If the eighth circle of hell is reserved for those football players who get caught, the ninth circle is reserved for those who get caught and reveal inconvenient truths about “the program,” as the Ohio State system is sometimes called. Running back Maurice Clarett has been consigned to the ninth circle because not only was he caught red-handed but he then blew the whistle on the whole program.

Maurice Clarett consigned to the Ninth Circle of Hell

In our intensely competitive society, being Number One is tantamount to salvation. “Winning isn’t everything; its the only thing,” Vince Lombardi liked to say. That's the first and only commandment of big time college football. Jim Tressel has put a pious spin on “winning is the only thing,”  by saying, in effect,Winning is the godly thing.” Winning is  a goal so worthy of reaching that  cheating to reach it is acceptable provided you don’t get caught. This is as true in football as it is on Wall Street. The hypocritical Tressel got  caught and now the nation is shocked, shocked to learn that he  was forced to resign because he and his recruits have not always played fair and square. It’s a very big  news story not only in Ohio but throughout the country and will be for at least forty-eight hours. This is not just an athletic crisis. This is a spiritual  crisis because OSU football  is the state religion of  Ohio. The state motto, which Tressel highlighted in The Winners Manual,  is “With God all things are possible.” The unwritten corollary is, “Without the Buckeyes, nothing is possible.” There is no other category that Ohio has ranked first in, and thereby been redeemed by, except OSU football. Five times Woody Hayes (blessed be his name!) took the Buckeyes to the Promised Land.  A national title is the state’s salvation. Jim Tressel did it once, but he got caught and now he will be consigned to the Eighth Circle of Hell. Hayes is a saint for having five times filled  up the spiritual emptiness at the heart of it all. Jim Tressel did it only once and now he’s been caught. The fans will turn on him the way they turned on the forty or so players who were caught in his ten years as coach. Along with everyone else, even Brutus Buckeye might turn on him. I can imagine the disgraced coach saying to the Buckeye mascot, “Et tu, Brutus?”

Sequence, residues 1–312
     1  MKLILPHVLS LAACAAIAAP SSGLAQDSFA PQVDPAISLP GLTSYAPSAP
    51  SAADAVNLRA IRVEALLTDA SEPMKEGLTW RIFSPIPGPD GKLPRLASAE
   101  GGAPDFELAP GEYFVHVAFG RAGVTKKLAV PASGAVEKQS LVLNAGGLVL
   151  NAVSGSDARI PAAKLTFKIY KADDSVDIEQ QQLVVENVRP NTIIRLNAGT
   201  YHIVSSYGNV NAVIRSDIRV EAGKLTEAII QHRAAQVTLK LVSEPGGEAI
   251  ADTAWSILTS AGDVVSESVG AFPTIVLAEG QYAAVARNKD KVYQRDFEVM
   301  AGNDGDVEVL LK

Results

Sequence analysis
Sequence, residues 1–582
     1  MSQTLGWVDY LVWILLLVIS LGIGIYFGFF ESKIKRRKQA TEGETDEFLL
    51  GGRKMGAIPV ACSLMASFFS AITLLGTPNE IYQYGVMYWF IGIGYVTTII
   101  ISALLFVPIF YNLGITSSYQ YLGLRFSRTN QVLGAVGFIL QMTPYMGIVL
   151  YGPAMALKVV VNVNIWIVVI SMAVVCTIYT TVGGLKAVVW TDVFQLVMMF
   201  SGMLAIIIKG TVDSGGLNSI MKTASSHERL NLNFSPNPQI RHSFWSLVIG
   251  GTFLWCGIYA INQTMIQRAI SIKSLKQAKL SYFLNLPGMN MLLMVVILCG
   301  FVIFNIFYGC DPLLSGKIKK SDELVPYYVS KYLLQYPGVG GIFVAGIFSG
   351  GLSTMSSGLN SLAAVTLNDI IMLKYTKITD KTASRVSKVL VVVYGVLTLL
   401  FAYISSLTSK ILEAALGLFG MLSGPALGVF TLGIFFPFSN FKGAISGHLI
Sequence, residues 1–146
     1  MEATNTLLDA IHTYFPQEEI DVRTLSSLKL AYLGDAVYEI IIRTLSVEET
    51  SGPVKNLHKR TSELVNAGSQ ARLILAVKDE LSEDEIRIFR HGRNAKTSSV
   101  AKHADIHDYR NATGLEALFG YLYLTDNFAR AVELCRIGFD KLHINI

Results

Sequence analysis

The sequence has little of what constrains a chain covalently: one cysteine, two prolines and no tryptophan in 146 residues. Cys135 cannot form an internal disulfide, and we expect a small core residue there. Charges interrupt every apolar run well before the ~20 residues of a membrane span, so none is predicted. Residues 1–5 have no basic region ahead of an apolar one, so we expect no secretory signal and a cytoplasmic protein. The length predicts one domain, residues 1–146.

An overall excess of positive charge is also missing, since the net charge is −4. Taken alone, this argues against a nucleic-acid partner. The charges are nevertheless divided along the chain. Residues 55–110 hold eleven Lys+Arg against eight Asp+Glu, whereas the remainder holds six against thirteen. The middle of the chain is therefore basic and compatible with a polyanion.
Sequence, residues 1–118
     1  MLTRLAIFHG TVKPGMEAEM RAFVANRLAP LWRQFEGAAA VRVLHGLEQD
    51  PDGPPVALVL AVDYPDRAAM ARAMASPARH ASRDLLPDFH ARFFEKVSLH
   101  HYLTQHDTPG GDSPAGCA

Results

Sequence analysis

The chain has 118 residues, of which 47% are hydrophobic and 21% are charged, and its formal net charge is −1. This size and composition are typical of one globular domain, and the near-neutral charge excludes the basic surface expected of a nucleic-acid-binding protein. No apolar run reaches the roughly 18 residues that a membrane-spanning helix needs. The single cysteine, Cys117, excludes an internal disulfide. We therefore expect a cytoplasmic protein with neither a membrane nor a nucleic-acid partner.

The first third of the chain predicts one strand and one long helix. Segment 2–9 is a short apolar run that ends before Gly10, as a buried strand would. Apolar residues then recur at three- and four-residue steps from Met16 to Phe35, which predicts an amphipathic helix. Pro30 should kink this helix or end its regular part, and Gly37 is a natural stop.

“Lasting goals are also from God, and they affect the people around us for good,” it says in The Winners Manual. Well, maybe around Him but not exactly around Tressel. There is Robert Reynolds, to take just one example, who early in Tressel's  tenure  infamously choked the Wisconsin quarterback well after the whistle had blown, knocking him, or choking him, out of the game. Whatever possessed Reynolds to do that? When he was later suspended by the Tennessee Titans for failing a drug test, we have a possible explanation, though the win-at-any-cost-because-God-is-on-our-side spirit of OSU football may have been the only inspiration he needed, though it should be pointed out that the Buckeyes choked and the Badgers came from behind to win the game. For anyone with eyes to see, it was clear whose side God was on that day. 

OSU linebacker Robert Reynolds who gave a whole new meaning to the phrase “an athlete who chokes.